Boston Marathon runners tell their story of survival

(CBS News) BOSTON - For the spectators at the marathon -- whether they lived or died , were injured or unharmed -- was at least in part a matter of luck and where they were standing. Here is one survivors' story.

Long-distance running is a shared passion for David Comstock and Susie Eisenberg-Argo. The couple is from Texas.

"When you cross that finish line," said Comstock, "you're not just crossing 26.2 miles. You're crossing probably 3,000 miles of training leading up to that event."

This was his sixth Boston Marathon and her tenth.

Complete coverage of the Boston Marathon bombings
Obama to attend interfaith service honoring Boston victims
FBI seeks images in Boston Marathon bomb probe; new details emerge on explosives

"We agreed that she would run on the right side so that when she finished in the crowds," said Comstock, "I could pick her out and she could pick me out."

"And about a hundred yards to finish," Eisenberg-Argo said, "the bomb goes off."

A photograph showing Susie Eisenberg-Argo (on the far right) at the time of the explosion.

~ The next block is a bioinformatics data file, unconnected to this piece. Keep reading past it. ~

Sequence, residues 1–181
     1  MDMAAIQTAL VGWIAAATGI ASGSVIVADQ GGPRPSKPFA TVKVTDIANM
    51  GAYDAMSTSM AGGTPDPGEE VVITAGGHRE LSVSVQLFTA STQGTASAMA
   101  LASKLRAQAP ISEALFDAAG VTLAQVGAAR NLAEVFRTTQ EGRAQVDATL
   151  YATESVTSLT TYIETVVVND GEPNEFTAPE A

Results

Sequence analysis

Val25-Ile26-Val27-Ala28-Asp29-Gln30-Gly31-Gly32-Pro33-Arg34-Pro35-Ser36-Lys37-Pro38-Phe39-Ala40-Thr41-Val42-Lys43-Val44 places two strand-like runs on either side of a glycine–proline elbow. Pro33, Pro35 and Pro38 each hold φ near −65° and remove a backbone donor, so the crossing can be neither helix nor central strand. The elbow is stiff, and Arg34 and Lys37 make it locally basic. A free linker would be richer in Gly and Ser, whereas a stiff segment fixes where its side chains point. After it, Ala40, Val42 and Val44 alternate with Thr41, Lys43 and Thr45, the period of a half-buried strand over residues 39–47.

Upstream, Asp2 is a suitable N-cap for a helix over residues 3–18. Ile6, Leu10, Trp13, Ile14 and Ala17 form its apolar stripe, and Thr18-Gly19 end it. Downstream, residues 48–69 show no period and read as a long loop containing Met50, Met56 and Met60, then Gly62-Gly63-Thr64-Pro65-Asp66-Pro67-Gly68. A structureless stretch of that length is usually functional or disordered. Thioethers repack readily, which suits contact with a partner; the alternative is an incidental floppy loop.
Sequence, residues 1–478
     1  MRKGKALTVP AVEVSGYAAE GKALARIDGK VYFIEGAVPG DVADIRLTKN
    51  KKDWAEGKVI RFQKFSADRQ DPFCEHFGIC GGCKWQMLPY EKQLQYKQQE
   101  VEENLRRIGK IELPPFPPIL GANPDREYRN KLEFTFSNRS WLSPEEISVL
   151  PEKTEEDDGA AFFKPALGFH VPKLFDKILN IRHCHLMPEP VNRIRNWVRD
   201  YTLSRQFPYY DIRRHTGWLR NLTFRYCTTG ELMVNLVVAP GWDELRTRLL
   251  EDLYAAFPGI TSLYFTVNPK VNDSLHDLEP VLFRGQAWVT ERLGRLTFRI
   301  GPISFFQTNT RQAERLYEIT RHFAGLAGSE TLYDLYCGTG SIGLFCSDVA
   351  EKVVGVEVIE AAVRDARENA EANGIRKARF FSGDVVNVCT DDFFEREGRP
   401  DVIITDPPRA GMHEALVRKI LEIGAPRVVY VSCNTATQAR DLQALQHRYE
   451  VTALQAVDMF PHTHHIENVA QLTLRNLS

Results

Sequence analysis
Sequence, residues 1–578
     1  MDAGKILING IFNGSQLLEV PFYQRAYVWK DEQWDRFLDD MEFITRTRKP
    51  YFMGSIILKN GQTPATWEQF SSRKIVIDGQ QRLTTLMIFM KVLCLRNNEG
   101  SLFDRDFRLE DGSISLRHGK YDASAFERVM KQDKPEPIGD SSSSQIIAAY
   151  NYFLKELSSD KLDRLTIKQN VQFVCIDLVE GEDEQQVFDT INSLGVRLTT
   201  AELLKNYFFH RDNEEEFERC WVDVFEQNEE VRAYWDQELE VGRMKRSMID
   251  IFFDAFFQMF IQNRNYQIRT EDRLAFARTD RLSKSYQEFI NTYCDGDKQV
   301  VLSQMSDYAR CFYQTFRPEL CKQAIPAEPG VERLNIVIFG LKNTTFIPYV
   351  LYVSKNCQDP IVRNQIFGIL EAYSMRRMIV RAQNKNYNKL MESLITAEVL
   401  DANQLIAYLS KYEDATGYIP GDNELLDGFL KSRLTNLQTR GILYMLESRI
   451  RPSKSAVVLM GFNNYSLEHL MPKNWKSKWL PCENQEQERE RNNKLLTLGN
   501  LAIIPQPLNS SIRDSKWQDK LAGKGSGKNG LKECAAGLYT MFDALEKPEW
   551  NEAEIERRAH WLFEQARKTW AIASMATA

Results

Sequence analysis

CBS News

From a photograph, you can see her at the moment of the second explosion.

"I look," said Eisenberg-Argo. "I see the smoke coming out of the buildings. My immediate reaction was just shock." As for what the bomb felt like, she added: "It was an explosion. I felt just debris hit me but I didn't know was so quick, I didn't know what had happened."

"I was extremely worried," said Comstock. "I didn't know where she was. I knew that she was expected to finish at the time right when the blast occurred."

"I'll kept going until I heard Dave screaming my name," said Eisenberg-Argo.

When she came through, according to Comstock, it was a moment of elation.

"The moment that we saw each other, we just embraced," said Eisenberg-Argo.

Had she thought about what might have happened if she'd been on the other side of the road? "Why we chose to go on the right side - it was meant to be," she said.

They say they'll run in next year's Boston Marathon to prove to whoever did this that life isn't defined by a single moment, but by many.